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fighting for people's ability to worry about the latte. that's a beautiful thing. >> right. >> that we could be over there doing something to allow civilization to occur in a way that people can think about other things. >> it's a very important movie. i hope everybody goes to see it. it's such an honor to have you here taya. thank you, bradley. good luck to both of you. read the both too. an american cartoonist on al qaeda's hit list after jokingly urging others to draw cartoons of muhammad. what is u.s. law enforcement doing to protect her, if anything? that's next.
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. welcome to "the lead." in other national news it was a moving sight to witness in france as 3 million people across the country regardless of race or class or creed marched to show they will not be silenced by threats of
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terrorism. it's still unclear whether something so powerful might inspire another cartoons to come out of the shadows. more molly norris a cartoonist on advice of the fbi disappeared in 2010 after she started a facebook page to draw muhammad. it was an answer to cartoons to the prophet. her cartoons led to a court order in pakistan blocking part of facebook. she ended up having a fat wa, a religious edict by anwar al awlaki awlaki. joining us is larry kelly who runs the free molly norris foundation. thank you for joining us. first of all, how is she doing? >> well thanks very much jake for having me on. i really don't know.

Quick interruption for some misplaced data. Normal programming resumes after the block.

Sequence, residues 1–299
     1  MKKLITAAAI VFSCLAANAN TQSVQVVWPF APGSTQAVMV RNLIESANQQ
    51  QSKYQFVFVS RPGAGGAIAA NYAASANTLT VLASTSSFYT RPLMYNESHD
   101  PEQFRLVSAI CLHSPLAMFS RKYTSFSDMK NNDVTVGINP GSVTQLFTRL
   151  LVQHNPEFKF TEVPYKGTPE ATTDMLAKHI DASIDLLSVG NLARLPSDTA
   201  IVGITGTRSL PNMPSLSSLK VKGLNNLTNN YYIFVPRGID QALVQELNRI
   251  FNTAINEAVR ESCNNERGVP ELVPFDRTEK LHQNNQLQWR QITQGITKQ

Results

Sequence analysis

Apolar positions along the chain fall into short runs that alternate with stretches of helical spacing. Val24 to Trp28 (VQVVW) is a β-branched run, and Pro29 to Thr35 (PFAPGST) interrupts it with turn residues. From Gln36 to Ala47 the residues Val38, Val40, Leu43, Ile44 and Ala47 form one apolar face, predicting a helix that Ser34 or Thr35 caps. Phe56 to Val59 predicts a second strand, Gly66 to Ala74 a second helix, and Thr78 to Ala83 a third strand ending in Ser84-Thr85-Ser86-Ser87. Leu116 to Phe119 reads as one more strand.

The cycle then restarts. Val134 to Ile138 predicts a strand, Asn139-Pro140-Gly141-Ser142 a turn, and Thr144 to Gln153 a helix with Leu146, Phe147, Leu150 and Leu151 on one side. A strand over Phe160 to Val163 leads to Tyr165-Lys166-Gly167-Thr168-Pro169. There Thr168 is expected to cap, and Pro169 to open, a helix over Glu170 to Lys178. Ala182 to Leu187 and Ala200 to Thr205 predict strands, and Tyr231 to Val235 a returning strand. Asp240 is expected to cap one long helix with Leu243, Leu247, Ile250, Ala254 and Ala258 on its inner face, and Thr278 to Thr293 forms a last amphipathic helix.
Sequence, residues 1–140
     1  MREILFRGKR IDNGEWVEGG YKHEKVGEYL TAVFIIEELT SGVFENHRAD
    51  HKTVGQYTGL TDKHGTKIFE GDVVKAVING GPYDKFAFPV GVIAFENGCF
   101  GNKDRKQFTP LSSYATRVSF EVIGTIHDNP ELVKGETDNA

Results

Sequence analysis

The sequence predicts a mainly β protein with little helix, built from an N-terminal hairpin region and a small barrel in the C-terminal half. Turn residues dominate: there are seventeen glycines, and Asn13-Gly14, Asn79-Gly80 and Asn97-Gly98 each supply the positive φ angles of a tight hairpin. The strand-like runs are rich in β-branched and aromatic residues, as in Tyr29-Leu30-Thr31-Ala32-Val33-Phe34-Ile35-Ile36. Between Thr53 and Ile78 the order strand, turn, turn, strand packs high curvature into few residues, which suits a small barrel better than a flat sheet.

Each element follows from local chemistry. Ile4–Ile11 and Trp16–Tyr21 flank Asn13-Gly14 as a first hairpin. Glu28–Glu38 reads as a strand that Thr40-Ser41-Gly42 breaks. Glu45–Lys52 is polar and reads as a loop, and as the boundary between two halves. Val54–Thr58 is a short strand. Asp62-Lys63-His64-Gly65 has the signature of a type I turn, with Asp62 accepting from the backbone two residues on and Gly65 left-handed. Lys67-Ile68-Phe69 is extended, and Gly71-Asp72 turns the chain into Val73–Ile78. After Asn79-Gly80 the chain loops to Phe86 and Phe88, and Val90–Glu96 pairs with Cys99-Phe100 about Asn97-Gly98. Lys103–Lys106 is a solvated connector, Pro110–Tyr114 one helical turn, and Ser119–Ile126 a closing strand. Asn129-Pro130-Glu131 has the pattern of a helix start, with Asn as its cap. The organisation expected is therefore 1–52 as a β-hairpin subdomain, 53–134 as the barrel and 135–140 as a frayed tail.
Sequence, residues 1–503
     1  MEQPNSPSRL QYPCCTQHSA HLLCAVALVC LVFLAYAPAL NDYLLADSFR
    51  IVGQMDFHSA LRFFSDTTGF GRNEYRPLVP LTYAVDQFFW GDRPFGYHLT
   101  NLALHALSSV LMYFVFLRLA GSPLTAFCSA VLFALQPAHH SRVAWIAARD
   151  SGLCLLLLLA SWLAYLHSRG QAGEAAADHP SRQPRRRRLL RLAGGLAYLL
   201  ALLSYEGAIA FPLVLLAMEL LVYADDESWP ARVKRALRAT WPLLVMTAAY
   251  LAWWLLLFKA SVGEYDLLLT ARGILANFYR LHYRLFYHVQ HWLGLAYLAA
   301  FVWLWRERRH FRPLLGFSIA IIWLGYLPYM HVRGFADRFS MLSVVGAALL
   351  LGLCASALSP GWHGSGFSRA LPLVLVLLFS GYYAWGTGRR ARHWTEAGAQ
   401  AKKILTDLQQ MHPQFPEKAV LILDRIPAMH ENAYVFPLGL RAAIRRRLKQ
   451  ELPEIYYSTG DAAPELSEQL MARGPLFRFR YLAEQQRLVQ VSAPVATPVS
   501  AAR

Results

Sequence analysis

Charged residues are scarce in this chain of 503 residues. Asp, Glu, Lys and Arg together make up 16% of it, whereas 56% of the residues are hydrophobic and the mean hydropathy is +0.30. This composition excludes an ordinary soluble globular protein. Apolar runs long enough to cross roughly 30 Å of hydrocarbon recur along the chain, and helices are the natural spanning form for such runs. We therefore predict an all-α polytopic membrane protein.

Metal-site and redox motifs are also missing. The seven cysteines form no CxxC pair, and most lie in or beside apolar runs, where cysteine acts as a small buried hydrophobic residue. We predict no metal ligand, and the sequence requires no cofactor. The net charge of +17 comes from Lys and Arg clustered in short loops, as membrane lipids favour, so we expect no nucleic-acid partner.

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i came across her story shortly after i finished my book. i wrote a book which is my response jake to 9/11. it was a ten-year odyssey, and i, in my research found out about her. by the way, my book is "lessons from fallen civilizations: can a bankrupt america survive the current islamic threat". >> so how did you get involved with molly's situation? you read about her. >> yes. i just in my research writing the book came across it and i think it was like a lot of americans was shocked that -- to think that she, the first american journalist forced into hiding by radical islam, could happen in the united states. >> what do you think molly was trying to accomplish with the everyone draw muhammad day? was she trying to offend people or taking a stand for the right to offend people which we have in this country?